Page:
One House Saved - 1305 Rosedale

Vol. XIV No. 4 - FALL/WINTER 2003-4

By: Kathy Gemperle

The phone call came to the Edgewater Historical Society from a realtor who had been contacted by the lawyer for the owner, Frances Posner. It seems that Frances was moved to a nursing home in the Spring of 2002. She had expressed the desire to donate her home to the Society but that was not feasible since she needed funds to pay for the nursing care. The next option was to give the sale of the contents to the Society. We said yes, not realizing how much work was ahead of us.

The clean out began in June with a walk through of the old and treasured house. It had been built in 1908 by a doctor. The Posner family moved there in 1919. In the 1940s, Frances’ older sister Helen had it altered to be a two flat. When Frances lived there alone she used parts of the house. The front parlor has been closed off from the dining room and the dining room had been made into a bedroom for Helen. A small kitchen had been reconfigured so that there would be a full bath on the first floor. Frances only used the parlor for guests. On the second floor the large front bedroom became Frances’ living room. One small bedroom had been made into a kitchen and the other bedroom was Frances’. It was a tiny two flat. The building measured 25’x27’. When Pam Ball and I measured it out we said “teardown.” Now the problem was not just how to empty out the house but how to save it from demolition.

All through the month of July we worked on cleaning out the house. Some volunteers came to look over some of the special collections like books and jewelry. Frances had been a librarian so there were lots of collections neatly gathered in plastic bags. We sorted through them and saved important papers and documents. We found that Frances had labeled many of the interesting objects in her collections like her father’s shaving brush. She even wrote dedication notes on the title pages of the books. We set these aside for the Historical Society. We went through everything. Then we set up the date for the sale. It was August 24, 2002. Pam got the permits and wrote the classified ads. We sent out flyers hoping that people in the neighborhood would come.

When the day came and we thought we were ready to go we found to our surprise that the WBEZ program, This American Life wanted to walk around and interview people about the sale. Although they spent three hours there watching the sale and talking to people the only part that was broadcast was the interview with me. There was so much stuff left over at the end that we decided to run the sale another day. We sold more of the big items and then tried to stack the remains in the living room for removal later.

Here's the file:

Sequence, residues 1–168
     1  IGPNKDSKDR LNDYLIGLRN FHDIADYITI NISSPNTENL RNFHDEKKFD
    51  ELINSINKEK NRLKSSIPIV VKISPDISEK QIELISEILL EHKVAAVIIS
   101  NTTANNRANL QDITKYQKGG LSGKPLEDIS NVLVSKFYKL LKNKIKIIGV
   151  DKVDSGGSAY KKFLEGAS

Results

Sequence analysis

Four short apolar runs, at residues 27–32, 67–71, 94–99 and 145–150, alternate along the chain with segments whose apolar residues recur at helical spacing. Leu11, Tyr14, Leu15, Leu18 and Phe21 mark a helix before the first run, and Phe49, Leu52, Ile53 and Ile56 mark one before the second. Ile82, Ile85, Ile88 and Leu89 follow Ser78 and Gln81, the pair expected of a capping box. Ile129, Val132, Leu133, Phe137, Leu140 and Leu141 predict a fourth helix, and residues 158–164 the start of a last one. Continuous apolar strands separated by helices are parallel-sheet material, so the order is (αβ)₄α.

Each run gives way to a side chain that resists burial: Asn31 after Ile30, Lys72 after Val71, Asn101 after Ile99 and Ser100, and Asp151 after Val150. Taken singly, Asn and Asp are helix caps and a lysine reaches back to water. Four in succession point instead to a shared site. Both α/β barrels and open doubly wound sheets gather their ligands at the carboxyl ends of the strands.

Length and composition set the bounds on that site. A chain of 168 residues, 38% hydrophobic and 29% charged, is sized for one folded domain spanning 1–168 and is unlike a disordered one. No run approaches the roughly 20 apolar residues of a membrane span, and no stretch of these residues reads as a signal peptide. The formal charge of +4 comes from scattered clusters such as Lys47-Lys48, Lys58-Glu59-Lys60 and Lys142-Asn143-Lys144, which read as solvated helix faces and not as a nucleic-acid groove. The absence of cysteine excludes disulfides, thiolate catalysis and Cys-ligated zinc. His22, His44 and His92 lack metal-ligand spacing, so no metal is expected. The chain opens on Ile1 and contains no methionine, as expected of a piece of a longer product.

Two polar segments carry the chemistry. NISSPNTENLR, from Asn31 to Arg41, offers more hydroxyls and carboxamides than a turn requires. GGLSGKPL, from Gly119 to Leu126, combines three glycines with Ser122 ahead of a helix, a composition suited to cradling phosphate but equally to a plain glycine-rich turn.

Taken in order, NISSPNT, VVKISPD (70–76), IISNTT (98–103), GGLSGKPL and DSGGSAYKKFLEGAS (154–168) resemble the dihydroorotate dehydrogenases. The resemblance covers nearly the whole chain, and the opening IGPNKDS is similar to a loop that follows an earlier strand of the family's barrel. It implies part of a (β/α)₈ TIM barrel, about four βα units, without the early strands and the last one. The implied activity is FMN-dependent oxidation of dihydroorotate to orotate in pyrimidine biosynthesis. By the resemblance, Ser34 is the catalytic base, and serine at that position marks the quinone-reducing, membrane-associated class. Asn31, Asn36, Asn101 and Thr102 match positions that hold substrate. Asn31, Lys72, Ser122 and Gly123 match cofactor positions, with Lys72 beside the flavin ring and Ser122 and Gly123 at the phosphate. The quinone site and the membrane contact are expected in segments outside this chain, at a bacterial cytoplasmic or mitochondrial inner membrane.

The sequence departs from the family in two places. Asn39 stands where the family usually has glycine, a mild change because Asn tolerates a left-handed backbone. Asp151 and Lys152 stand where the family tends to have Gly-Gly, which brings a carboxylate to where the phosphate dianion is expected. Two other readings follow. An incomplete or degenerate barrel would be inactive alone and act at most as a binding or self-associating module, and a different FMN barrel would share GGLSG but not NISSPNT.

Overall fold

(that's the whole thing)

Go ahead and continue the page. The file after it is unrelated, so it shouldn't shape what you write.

In the meantime Pam Ball created the listing and began showing the house. Ultimately there were three offers and Frances Posner decided to accept the offer of Prairie Dog Development LLC, the development arm of Greene and Proppe Design because she knew that they would restore the house. When we finally removed the furniture all that remained was the mini pianette on the second floor. After Prairie Dog Development, PDD purchased the house we went back to photograph some before pictures of the house. Thom Greene and Nadeen Kieren decided to tackle the attic and found more photos of Frances and her family standing in front of the house and in the yard. The attic was like another archival site with more and more layers of documents and photos. Perhaps the biggest mystery was the story that Frances told us about a gun that her father had from the time he was a trader in Indian goods in the Nebraska territory. He had brought the gun to Chicago and to this house where Frances found it. This prompted a big discussion Frances was told it was put away in the attic. It was not found in our search.